Continuing our look at different strains of Hepatitis as part of World Hepatitis Day (WHD), it’s important to raise awareness of the effects that Hepatitis A can have on those afflicted.
Hepatitis A shares similar symptoms to the other strains of Hepatitis, but is usually a short-term infection that does not become chronic.
Hepatitis A is considered uncommon in the UK, but there are still risks for certain groups of people. This blog will focus on how this virus spreads, its symptoms and the ways to prevent its transmission.
The causes and risks
Hepatitis A manifests as a liver infection, triggered by a virus that can be spread in the faeces of an infected person. This condition is more prevalent in parts of the world where the standards of sanitation and good hygiene are substandard, including but not limited to, parts of Africa, the Indian subcontinent and the Middle East.1
The infection can be caught in a variety of ways. While most reported cases of Hepatitis A occur after travelling to countries where it is more prevalent,2 it may also be spread by eating food prepared by someone with the infection and whose hand hygiene is poor, drinking contaminated water, being in close contact with someone who has the virus or eating raw or undercooked shellfish from contaminated water.
Although more uncommon, Hepatitis A can also be caught through sex with someone who has the virus, or through injecting drugs using contaminated equipment.
Hepatitis A can trigger a host of unpleasant symptoms, including feelings of fatigue, joint and muscle pain, a high temperature, loss of appetite, feeling unwell, dark urine and pale faeces.3 These symptoms usually develop around four weeks after becoming infected; some individuals may not experience any symptoms at all.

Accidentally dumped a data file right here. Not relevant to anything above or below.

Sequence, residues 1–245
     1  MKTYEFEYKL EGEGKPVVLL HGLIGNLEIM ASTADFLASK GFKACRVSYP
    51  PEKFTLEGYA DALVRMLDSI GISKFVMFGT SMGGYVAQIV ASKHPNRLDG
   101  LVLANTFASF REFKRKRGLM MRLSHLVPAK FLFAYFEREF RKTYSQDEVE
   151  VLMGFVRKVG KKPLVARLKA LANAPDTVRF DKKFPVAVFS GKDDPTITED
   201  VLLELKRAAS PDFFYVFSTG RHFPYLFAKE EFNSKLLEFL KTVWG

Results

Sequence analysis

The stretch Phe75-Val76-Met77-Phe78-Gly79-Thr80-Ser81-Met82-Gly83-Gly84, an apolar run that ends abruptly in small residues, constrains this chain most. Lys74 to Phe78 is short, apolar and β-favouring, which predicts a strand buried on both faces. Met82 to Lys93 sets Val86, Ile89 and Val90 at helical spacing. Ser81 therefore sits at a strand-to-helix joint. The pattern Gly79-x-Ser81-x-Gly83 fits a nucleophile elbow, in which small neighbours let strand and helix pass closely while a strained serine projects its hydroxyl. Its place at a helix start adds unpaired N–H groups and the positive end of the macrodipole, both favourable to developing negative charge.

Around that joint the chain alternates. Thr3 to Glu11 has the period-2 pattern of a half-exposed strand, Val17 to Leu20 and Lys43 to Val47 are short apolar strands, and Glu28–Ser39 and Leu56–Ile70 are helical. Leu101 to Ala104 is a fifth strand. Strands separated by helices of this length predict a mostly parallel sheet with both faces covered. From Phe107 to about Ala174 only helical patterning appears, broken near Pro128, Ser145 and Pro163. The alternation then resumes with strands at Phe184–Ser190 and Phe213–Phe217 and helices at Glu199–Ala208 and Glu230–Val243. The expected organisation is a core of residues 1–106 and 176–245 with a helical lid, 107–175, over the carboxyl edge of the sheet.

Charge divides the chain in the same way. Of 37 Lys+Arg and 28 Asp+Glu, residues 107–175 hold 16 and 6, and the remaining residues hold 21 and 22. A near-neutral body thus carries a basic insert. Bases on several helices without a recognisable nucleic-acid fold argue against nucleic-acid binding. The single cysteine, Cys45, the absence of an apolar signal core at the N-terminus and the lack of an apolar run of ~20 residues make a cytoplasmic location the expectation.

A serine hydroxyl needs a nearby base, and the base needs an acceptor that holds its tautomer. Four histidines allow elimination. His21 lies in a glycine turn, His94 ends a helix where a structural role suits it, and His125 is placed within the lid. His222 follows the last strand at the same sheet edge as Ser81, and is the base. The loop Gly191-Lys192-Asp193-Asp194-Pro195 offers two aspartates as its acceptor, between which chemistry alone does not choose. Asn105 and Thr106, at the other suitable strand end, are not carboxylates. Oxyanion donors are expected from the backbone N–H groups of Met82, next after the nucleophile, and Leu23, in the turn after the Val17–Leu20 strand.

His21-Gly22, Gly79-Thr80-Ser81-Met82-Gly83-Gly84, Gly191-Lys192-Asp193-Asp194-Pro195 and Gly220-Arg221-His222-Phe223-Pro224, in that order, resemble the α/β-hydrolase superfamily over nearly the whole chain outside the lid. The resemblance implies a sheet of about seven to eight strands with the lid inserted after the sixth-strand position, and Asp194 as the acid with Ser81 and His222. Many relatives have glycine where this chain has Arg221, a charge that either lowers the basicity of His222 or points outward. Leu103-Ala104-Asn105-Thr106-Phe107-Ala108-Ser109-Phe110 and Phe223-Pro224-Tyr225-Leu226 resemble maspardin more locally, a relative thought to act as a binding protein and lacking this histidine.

Thankfully, more severe symptoms, such as liver failure, are rare, and affect less than 1 in every 250 people with the virus.4
There is no cure for Hepatitis A; fortunately, it generally gets better on its own and usually within a few months.i Self-care advice for those affected includes resting, taking painkillers (following advice from your GP), eating small meals to reduce nausea and sickness, avoiding alcohol and abstaining from sex until around a week after the symptoms started.
Most people find that after two months the symptoms begin to subside, though some people can be ill, on and off, for as long as six months.5 Those who have had the virus and recover normally develop life-long immunity against it as a result.
Protecting yourself against Hepatitis A
The vaccination for this strain of Hepatitis is not commonly offered in the UK, as the risk for infection is quite low for the majority of people.
However, it is recommended for those at an increased risk, including people who may be exposed to the virus through their job (such as sewage workers and people who work with monkeys, apes and gorillas, for example), those with long-term liver disease or those who are planning to travel to places where the virus is more common.
Practising good hygiene is an efficient way to protect yourself from a variety of viruses, including Hepatitis A. Whether it’s after using the washroom, changing nappies or before preparing food, washing your hands with warm water and soap is a simple and cost-effective way to protect yourself and others from harm.
Things to consider
While Hepatitis A currently remains uncommon in the UK, there are still many countries where the virus is rampant. Individuals in these areas may not have access to a vaccine or medical guidance, which can make navigating the virus all the more challenging.
Awareness is crucial to the education and action regarding Hepatitis A. If you’d like to get involved with World Hepatitis Day, visit the website HERE to find out more.
1 NHS Choices (2019). Overview – Hepatitis A. [online] NHS. Available at: https://www.nhs.uk/conditions/hepatitis-a/ [Accessed 9 May 2022].
2 British Liver Trust. (n.d.). Hepatitis A. [online] Available at: https://britishlivertrust.org.uk/information-and-support/living-with-a-liver-condition/liver-conditions/hepatitis-a/ [Accessed 9 May 2022].
3 NHS Choices (2019). Overview – Hepatitis A. [online] NHS. Available at: https://www.nhs.uk/conditions/hepatitis-a/ [Accessed 9 May 2022].
4 NHS Choices (2019). Overview – Hepatitis A. [online] NHS. Available at: https://www.nhs.uk/conditions/hepatitis-a/ [Accessed 9 May 2022].
5 CDC (2021). Hepatitis A FAQs | CDC. [online] Centers for Disease Control and Prevention. Available at:
https://www.cdc.gov/hepatitis/hav/afaq.htm#:~:text=If%20symptoms%20develop%2C%20they%20usually [Accessed 9 May 2022].